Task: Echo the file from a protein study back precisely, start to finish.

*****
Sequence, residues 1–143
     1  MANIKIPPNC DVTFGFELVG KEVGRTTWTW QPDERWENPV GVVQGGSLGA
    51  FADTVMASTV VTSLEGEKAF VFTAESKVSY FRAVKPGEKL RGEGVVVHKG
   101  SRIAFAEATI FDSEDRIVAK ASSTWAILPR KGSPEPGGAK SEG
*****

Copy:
Sequence, residues 1–143
     1  MANIKIPPNC DVTFGFELVG KEVGRTTWTW QPDERWENPV GVVQGGSLGA
    51  FADTVMASTV VTSLEGEKAF VFTAESKVSY FRAVKPGEKL RGEGVVVHKG
   101  SRIAFAEATI FDSEDRIVAK ASSTWAILPR KGSPEPGGAK SEG